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Wells' big night helps propel James Madison to 34-21 win over North Dakota, back to FCS semifinals
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Wells' big night helps propel James Madison to 34-21 win over North Dakota, back to FCS semifinals

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HARRISONBURG — James Madison’s Antwane Wells Jr. was ready for his encore. And he made it even better than his playoff debut.

Wells, a freshman wide receiver and former Highland Springs standout, had an early career day in his first playoff game last week against VMI, with four catches for 132 yards and a touchdown.

On Sunday evening, in the quarterfinals against visiting North Dakota at Bridgeforth Stadium, Wells surpassed himself. He caught a career-high seven balls for a career-high 143 yards. He also recorded two touchdowns in a game for the first time in his career, helping propel the Dukes to the FCS semifinals with a 34-21 victory.

JMU quarterback Cole Johnson said he knew, all the way back in the fall, that Wells was going to be special. He’s proving Johnson right.

“He's a warrior, he's very competitive, he's got a lot of talent,” coach Curt Cignetti said of Wells.

Top-ranked JMU (7-0) will now travel to face fourth-ranked Sam Houston (8-0) in Saturday’s semifinals. Sam Houston beat North Dakota State 24-20 Sunday.

The Dukes are in the national semifinals for the fourth time in the last five seasons. They made the national final at the end of the 2016, 2017 and 2019 seasons. They won the 2016 title.

The speedy Wells, 6-foot-1 and 200 pounds, has been an emerging big-play threat for JMU. Sunday’s game for him included receptions of 19, 38 and 63 yards.

UND’s blitz-heavy defense left one-on-one opportunities available for Wells and Fighting Hawk defenders. Well’s ability to maneuver through one-on-one coverage was what made Johnson believe the receiver was going to be special months ago.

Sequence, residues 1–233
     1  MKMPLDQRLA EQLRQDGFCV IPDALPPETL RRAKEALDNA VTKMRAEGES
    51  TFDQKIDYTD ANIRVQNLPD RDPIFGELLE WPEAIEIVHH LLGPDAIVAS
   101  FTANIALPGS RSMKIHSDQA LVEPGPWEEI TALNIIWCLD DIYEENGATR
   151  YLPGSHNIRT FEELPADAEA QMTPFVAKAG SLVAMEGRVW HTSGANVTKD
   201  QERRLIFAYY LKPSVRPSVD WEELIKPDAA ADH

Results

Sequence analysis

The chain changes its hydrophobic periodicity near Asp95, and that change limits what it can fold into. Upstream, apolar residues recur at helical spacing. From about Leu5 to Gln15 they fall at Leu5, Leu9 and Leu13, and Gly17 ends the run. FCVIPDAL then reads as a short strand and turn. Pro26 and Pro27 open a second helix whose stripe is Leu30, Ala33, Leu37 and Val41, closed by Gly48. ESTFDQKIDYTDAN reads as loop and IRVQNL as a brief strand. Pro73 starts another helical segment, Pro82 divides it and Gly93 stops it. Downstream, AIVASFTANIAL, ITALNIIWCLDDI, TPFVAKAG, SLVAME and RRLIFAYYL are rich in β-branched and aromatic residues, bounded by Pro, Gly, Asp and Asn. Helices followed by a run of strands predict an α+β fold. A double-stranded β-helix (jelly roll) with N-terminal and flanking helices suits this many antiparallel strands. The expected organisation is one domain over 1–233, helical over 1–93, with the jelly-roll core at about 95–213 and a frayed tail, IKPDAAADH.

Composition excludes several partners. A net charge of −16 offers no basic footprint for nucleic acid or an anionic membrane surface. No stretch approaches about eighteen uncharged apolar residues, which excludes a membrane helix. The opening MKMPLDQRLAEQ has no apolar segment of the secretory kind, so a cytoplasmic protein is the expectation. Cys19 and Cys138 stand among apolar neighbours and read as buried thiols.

After the “fall ball” practice period, Johnson and Wells continued to sharpen their connection in Richmond. Johnson, a Virginia Beach native, drove up to Richmond over winter break to work with quarterback trainer Malcolm Bell. And Wells stopped by to catch passes.

“And it's really nice that we've been able to develop that [connection] all season,” Johnson said.

On Sunday against UND, JMU executed two virtually perfect scoring drives back to back, midway through the first quarter and early in the second quarter, to take an early advantage.

The run game carried the first touchdown drive, and one of the big plays to Wells helped lead to the second.

The Dukes shuffled their running back rotation on the initial touchdown drive, mixing in starter Percy Agyei-Obese, Latrele Palmer and Solomon Vanhorse. Agyei-Obese set the tone, with a 14-yard run on the drive’s first play.

Johnson connected with Kris Thornton to put JMU in UND territory with a 12-yard pickup to the Fighting Hawks’ 39 yard line.

The Dukes then executed seven runs in a row. Vanhorse broke open an 18-yard gain to the UND 18, to help set up a barreling 3-yard touchdown run by Agyei-Obese. JMU led 10-0 with 30 seconds left in the opening quarter.

A run-predominant offense for UND (5-2) limited to zero net rushing yards in the first quarter came alive to start the second quarter with a 45-yard run by standout back Otis Weah on the first play of the period. That drive ended in a 5-yard Weah touchdown.